Pillar intallation on a Browing A-Bolt

Discussion in 'The Basics, Starting Out' started by relabbe, Feb 3, 2006.

  1. relabbe

    relabbe Active Member

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    I have a 7MM Browning A-Bolt and I want to install 2 aluminum pillars and then bed the action. The problem I have is I am affraid by drilling the hole to install the front pillar in place will open up in the slot where lug fits in. Is anyone of you ever install pillars on a Browning A-Bolt and if you had that problem how did you solve it? Maybe it is not a problem. The front bolt holding the action in the stock is very close to the recoil lug. This is not like a 700 Remington action. Thanks
     
  2. Jon A

    Jon A Well-Known Member

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    Yes, the hole will pretty much cut into the lug recess. I fixed this by grinding a flat area on the pillar about 1/2 way down (however deep the lug was) and the whole area was filled with bedding (so there's no stock left between the pillar and the recoil lug directly in front of it, just bedding):

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    I've been meaning to upload more pics showing the process in stages, maybe I'll be able to this weekend. You also need to flatten the rear pillar or it will interfere with the trigger, or at least mine would have:

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    I'll try and throw up some more pics. Yes, taking the drill to the stock (especially a brand new McMillan!) makes you swallow hard a couple of times...but it can be done.
     

  3. relabbe

    relabbe Active Member

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    Thanks Jon A, I am amaze to see your work. I guess this is the best way to go. I just receive a McMillan stock that I want to glass bed with pillars and before drilling and messing it up I want to know how to achieve the best result.

    Did you use a drill or a dremmel to enlarge the holes? How did you do them?

    If you have a picture (view form the top) of the back (at the tang) I would be very interested to see your bedding.

    Great Help... and very appreciate. Big thanks
     
  4. Bart B

    Bart B Well-Known Member

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    For what it's worth, you really don't need to pillar bed a receiver in a McMillan stock. They have hard enough material in the action area to hold receivers very well even when stock screws are torqued to 60 inch-pounds.

    Pillar bedding had to be done on the first synthetic stocks 'cause they were too soft to resist stock screw torquing. That got fixed when harder material was put in the receiver area. But I know most folks don't believe this.
     
  5. Jon A

    Jon A Well-Known Member

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    That's probably the "ugliest" location of the whole bedding job. But I was going for function, not beauty. /ubbthreads/images/graemlins/wink.gif

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    As you can see, the pillar needs to be counterbored at the top as well to clear the nut on the trigger group. While I know the 80% or so the pillar is surrounded in bedding should be more than strong enough, I like to overdo things. So I also removed material aft of the pillar and bedded a pad there so the action wouldn't be held entirely by the pillar--hard knocks and such could stress it and test its strength. So the way I did it there's still a nicely bedded "stock sandwich" between the trigger guard and the action so any worries about the pillar breaking from the stock under extreme use are gone. You won't fail it unless you break the stock in half...but the pillar still serves its function of allowing you to torque the action exactly the same way every time and not losing that torque due to the stock deforming. I had actually bedded this thing without the pillars first, and while the McMillan stock is certainly much stiffer when torquing the screws than any other stock I've had...it's not as good as with pillars. They're just a more solid platform to torque things to.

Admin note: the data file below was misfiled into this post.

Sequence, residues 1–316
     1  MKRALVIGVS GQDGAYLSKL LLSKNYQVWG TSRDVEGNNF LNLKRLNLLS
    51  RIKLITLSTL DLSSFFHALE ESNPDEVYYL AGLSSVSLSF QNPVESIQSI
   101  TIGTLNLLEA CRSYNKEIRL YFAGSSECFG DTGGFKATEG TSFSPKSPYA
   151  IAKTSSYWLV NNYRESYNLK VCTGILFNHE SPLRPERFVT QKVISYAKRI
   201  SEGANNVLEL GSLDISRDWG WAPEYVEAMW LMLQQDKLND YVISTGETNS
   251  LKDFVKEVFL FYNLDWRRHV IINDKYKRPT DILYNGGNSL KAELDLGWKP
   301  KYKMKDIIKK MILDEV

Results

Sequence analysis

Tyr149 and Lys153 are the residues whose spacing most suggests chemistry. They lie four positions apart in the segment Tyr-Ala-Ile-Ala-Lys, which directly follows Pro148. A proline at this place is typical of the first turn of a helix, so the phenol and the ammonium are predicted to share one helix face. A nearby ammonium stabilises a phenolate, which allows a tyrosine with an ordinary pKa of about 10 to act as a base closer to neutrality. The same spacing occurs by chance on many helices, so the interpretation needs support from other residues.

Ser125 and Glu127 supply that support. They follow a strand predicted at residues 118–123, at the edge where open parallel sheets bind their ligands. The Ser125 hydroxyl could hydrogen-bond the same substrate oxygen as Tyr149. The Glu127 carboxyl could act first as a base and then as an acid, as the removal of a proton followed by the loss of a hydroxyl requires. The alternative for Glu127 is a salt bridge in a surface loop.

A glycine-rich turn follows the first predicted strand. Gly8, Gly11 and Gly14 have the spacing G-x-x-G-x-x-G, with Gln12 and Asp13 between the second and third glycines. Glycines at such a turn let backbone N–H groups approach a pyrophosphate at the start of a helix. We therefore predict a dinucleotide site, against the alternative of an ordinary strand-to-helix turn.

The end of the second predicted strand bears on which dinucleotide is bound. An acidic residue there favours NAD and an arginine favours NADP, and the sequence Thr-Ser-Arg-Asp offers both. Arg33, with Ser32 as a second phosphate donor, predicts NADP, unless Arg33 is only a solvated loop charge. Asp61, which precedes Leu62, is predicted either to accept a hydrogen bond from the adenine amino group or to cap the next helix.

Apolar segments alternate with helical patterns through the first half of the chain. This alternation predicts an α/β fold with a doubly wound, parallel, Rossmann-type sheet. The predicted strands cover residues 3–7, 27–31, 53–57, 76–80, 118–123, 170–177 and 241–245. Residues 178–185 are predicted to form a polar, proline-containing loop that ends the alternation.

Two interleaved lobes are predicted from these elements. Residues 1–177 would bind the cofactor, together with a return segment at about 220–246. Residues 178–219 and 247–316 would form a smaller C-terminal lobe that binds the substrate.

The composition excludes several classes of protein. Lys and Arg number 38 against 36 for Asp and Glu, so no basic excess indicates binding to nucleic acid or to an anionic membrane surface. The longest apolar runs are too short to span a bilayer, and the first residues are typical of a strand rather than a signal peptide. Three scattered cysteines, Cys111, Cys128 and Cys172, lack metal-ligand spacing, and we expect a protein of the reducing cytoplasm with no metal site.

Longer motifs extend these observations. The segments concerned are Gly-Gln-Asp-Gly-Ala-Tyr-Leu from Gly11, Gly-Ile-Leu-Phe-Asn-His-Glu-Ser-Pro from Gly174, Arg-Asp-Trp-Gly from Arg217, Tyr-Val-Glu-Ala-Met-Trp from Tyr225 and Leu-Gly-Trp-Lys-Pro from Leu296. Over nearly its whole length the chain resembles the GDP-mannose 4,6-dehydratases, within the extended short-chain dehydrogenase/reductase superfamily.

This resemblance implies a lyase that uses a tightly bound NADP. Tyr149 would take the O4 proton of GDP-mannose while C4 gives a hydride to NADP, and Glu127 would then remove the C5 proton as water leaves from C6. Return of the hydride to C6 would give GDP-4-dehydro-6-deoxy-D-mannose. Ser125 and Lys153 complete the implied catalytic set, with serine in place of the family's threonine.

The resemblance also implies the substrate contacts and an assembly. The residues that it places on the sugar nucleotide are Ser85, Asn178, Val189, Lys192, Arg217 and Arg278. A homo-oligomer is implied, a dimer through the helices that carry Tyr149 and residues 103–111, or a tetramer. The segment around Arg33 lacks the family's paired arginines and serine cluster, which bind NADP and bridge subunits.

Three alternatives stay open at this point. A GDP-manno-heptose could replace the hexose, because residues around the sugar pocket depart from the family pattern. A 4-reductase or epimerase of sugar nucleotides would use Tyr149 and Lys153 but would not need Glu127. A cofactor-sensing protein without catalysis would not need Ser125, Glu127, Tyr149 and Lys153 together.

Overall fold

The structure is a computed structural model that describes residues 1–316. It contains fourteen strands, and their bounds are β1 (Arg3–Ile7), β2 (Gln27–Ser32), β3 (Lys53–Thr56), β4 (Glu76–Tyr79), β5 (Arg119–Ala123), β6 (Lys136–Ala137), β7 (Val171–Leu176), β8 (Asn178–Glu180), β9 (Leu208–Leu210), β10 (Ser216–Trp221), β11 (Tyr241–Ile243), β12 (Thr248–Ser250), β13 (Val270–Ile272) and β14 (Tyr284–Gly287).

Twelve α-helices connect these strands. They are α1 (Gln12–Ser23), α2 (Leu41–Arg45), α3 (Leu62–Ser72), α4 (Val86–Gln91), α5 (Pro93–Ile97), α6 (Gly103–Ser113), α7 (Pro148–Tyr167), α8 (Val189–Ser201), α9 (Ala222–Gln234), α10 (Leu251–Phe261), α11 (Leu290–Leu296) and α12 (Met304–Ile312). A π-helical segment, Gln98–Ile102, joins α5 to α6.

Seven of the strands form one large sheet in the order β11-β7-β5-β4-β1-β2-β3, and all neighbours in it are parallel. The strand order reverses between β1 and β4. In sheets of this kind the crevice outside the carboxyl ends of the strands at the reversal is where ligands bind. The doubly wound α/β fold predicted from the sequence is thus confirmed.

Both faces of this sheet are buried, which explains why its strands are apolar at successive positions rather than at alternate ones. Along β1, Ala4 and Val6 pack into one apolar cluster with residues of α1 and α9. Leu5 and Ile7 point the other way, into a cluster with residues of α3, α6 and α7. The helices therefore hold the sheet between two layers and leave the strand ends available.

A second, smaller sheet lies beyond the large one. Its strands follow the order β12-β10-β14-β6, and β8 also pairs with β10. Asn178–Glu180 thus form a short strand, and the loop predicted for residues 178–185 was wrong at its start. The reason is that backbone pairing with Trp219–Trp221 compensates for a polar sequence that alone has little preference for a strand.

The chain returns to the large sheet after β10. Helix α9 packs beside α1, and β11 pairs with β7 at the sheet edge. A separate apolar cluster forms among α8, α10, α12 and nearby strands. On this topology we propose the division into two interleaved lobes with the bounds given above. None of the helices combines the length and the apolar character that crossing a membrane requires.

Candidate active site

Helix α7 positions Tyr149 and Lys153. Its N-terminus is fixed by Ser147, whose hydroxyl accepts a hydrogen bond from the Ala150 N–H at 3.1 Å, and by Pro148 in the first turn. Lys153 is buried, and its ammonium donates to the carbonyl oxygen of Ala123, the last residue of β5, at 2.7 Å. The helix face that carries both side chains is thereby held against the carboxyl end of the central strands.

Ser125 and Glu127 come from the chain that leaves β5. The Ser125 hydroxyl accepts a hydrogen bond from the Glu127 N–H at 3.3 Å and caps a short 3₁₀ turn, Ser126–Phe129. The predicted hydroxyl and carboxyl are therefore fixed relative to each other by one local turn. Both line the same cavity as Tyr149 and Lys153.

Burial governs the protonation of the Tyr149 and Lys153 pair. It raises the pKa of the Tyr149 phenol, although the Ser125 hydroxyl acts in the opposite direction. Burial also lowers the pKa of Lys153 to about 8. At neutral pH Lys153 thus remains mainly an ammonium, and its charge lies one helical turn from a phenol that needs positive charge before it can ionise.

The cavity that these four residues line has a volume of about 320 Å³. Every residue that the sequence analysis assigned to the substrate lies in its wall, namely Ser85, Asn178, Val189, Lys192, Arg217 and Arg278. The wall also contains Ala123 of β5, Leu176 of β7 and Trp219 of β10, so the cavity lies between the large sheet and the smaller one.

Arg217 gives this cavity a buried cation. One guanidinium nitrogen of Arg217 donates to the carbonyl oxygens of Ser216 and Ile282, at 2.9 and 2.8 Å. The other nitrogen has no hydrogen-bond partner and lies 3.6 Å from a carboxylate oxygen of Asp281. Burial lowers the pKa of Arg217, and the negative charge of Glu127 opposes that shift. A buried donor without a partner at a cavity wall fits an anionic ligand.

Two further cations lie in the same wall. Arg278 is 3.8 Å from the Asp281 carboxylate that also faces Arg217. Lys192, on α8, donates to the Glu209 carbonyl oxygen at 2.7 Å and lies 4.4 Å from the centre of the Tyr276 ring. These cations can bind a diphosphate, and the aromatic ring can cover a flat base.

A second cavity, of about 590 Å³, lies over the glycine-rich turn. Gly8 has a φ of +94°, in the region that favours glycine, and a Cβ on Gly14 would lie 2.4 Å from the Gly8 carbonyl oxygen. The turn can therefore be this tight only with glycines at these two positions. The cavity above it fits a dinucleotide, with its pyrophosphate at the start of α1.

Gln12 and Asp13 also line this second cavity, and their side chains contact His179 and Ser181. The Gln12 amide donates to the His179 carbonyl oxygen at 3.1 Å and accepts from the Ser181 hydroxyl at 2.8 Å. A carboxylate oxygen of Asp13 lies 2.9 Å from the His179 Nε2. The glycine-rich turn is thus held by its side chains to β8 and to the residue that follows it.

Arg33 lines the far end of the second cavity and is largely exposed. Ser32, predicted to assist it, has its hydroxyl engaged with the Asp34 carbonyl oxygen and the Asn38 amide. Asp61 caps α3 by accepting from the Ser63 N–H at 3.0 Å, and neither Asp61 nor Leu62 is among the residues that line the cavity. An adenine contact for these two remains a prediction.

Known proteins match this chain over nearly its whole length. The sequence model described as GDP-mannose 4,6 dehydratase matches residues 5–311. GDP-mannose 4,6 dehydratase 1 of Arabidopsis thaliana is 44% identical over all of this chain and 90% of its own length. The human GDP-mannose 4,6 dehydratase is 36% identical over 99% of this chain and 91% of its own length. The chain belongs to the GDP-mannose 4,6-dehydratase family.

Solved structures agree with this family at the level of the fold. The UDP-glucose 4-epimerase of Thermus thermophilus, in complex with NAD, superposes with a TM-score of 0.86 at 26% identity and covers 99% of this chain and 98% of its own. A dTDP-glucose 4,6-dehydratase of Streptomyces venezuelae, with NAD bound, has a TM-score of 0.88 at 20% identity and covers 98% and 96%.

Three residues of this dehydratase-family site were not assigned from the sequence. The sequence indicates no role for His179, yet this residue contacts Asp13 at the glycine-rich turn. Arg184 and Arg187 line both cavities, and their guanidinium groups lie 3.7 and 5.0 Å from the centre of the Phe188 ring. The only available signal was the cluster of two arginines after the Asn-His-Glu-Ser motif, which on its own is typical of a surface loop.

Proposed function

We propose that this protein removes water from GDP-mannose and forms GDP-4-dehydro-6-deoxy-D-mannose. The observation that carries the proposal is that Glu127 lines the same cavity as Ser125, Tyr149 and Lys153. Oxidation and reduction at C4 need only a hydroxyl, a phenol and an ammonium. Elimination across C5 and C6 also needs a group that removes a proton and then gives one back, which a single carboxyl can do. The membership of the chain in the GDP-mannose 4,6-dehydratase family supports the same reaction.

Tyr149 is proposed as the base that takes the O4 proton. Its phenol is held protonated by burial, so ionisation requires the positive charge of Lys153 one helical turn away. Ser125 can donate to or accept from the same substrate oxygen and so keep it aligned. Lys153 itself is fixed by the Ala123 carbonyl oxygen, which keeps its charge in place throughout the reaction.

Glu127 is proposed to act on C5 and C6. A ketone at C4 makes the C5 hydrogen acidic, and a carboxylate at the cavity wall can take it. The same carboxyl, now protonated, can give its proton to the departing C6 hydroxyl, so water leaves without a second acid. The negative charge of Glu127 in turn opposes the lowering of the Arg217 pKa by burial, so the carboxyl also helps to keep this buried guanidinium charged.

I'll upload more pics soon.

    Oh, I used a hand drill for the pillar holes, etc. I also used it with a sanding disc when fine-tuning the length/angle of the pillars at the ends. Everything I did was with a simple hand drill, grinder, dremel and a bunch of hand sanding. I'm no machinist.... /ubbthreads/images/graemlins/frown.gif
     
  6. relabbe

    relabbe Active Member

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    Thanks a lot Jon A, /ubbthreads/images/graemlins/laugh.gif I will be very happy to get the same result as you did. This information is very valuable to me and I have got no doubt to whom plans to pillar bed his A-Bolt.

    I am not sure if I have to bed the stock area between the magazine and the trigger or live it float. Did you bed it?

    By the way where did you get your pillars. I bought mine on E-Bay but I think there might be a little smaller in diameter. I might want to get your style.

    Thanks again for sharing your knowledge and keep on the good work. /ubbthreads/images/graemlins/cool.gif
     
  7. Jon A

    Jon A Well-Known Member

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    I used THESE PILLARS. Of course they need modifications to fit. They need to be shortened, the rear needs to be counterbored, the front one needs to be reamed as the front action screw is too big to fit through.... And of course the radius is too small to match the reciever for the front one. Some use flat topped pillars and bed on top of them...I'm sure that works fine and would have been much easier...I sanded it to fit by hand. /ubbthreads/images/graemlins/shocked.gif Before I was done I was sure I was completely nuts.

    By between the magazine and trigger are you talking about where the front of the trigger guard rests in my second pic? If so, I would say in most cases that shouldn't be needed if everything functions properly with it resting against the stock. But something you'll want to do before you mix any bedding compound is check function (magazine fit, feeding, etc) a bunch of times as you get close to the pillars' final shapes. Their depth and the angles of their bottoms locates the magazine relative to the action. If you hose it up it won't feed, the floorplate might not close, etc.